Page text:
The Ballad of David Irving

Ron Unz’s “The Remarkable Historiography of David Irving” is a must-read and yet another object lesson for the need to question everything. Every grand sweeping narrative you take for granted (e.g., “Winston Churchill is a hero!”) must be, to use a favorite phrase of the Left, interrogated.

I must confess I had no idea of the widespread praise Irving, as a WWII historian, has received from other renowned historians of the first order. I’ve only known the libel that Irving is a ‘Holocaust denier’ and a crank.

But Irving’s books have received superlative praise from the likes of Hugh Trevor-Roper and Raul Hilberg, among others. Sir John Keegan, whose opinions of specific Irving theses naturally vacillated, nonetheless wrote that Irving “knows more than anyone alive about the German side of the Second World War”, and claimed that Irving’s book Hitler’s War was “indispensable to anyone seeking to understand the war in the round.” In the Times Literary Supplement, Keegan also wrote that “Two books in English stand out from the vast literature of the Second World War: Chester Wilmot’s The Struggle for Europe, published in 1952 and David Irving’s Hitler’s War”.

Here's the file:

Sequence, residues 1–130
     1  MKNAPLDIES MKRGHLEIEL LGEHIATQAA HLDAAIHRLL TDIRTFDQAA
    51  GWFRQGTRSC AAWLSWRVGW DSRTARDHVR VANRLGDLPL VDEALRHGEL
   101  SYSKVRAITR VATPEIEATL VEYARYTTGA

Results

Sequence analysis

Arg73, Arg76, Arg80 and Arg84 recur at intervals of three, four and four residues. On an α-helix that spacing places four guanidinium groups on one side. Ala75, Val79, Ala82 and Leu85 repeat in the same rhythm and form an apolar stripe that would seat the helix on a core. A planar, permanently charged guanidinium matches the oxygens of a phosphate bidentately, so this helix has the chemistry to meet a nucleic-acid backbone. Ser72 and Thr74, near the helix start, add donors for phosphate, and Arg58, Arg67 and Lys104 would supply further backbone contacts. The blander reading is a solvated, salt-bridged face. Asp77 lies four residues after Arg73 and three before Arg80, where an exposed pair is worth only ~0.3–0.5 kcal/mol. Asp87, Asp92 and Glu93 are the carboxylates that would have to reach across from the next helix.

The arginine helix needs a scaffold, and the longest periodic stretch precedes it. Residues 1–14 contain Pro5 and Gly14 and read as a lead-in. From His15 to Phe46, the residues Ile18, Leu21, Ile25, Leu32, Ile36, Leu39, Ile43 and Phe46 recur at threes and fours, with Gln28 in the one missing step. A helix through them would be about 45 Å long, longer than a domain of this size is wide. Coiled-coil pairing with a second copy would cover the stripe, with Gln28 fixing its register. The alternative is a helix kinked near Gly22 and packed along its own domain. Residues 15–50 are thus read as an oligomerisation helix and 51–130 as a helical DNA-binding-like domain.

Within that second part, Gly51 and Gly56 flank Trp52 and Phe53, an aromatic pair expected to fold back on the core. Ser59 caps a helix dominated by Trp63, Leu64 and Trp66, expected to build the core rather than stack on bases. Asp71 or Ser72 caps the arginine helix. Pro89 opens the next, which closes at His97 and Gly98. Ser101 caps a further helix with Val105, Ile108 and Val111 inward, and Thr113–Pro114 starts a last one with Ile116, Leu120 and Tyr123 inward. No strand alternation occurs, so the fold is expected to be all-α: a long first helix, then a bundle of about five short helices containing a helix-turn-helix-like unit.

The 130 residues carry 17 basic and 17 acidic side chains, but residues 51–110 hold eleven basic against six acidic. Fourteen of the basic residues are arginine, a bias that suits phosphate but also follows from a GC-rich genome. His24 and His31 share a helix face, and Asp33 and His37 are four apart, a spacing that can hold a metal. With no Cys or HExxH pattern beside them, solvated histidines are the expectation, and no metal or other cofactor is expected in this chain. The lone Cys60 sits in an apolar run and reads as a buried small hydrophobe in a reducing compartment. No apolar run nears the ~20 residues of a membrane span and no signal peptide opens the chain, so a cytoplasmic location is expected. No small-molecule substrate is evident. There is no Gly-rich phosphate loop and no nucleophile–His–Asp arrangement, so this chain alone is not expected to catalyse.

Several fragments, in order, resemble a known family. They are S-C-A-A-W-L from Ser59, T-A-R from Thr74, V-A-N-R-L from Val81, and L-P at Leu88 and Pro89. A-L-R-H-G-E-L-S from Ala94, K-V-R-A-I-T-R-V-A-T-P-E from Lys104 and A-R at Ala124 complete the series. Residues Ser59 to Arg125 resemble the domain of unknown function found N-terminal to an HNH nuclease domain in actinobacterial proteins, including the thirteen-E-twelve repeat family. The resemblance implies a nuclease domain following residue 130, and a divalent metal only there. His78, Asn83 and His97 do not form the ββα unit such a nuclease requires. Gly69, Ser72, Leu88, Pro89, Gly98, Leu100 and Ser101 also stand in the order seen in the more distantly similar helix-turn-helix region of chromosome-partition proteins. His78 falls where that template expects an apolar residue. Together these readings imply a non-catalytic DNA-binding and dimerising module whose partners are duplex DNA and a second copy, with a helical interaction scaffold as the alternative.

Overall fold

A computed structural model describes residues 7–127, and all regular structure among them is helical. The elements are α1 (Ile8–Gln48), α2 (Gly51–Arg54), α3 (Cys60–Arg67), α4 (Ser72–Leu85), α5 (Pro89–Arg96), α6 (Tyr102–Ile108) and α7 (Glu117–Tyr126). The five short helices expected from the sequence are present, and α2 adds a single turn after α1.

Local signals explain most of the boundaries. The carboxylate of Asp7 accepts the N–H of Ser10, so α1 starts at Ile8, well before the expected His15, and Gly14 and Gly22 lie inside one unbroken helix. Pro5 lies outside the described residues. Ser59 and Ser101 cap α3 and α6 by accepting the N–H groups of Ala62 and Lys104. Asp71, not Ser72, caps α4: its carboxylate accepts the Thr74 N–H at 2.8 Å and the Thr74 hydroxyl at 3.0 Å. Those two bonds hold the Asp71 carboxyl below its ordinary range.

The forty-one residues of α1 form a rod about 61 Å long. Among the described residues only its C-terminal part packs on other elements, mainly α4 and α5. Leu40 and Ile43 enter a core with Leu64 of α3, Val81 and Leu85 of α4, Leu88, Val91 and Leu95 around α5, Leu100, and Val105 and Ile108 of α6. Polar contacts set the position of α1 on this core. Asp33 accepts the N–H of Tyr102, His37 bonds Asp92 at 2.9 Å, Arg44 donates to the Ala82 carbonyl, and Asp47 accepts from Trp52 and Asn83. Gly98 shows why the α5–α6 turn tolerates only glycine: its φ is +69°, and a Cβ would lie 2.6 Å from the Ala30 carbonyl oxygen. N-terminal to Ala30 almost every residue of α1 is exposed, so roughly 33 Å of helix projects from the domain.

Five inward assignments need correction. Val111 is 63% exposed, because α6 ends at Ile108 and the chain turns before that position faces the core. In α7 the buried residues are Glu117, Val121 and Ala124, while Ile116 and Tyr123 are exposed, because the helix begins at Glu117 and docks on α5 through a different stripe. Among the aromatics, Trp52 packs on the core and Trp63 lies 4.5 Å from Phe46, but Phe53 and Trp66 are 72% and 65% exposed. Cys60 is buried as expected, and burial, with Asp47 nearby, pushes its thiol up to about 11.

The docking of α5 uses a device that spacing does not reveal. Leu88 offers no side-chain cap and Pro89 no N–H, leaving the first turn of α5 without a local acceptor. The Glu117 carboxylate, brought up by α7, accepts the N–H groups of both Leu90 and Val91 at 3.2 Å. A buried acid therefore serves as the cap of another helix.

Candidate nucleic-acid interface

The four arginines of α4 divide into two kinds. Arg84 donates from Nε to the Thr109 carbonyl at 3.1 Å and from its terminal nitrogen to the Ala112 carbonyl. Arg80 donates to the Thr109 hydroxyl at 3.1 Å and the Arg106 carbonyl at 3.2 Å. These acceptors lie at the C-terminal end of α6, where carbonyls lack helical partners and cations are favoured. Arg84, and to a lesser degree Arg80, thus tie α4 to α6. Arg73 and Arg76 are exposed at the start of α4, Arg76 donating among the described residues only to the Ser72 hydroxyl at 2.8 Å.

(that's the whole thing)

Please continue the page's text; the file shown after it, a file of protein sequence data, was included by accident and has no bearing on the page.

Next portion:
Also, little did I know that Kevin MacDonald testified at the infamous Irving trial.

Irving has made all of his books available in PDF format (for free) at his website.

Here is a taste of Irving’s tenacious, firsthand investigations and attention to detail:

As far as Irving being a ‘Holocaust denier’:

Below is an instructive debate between Eric Breindel of The NY Post and the great Christopher Hitchens, who at the time had just written a Vanity Fair piece slamming St. Martin’s Press for reneging on David Irving’s book contract for a Joseph Goebbels biography. If nothing else, this video illustrates how the NYC publishing world operates, and why certain books (e.g., Alexander Solzhenitsyn’s Two Hundred Years Together) do not get published in the U.S.

I only watched the first 15 min of the following, but it stands as a fitting video precursor of Irving’s planned autobiography. His has been a most interesting life:

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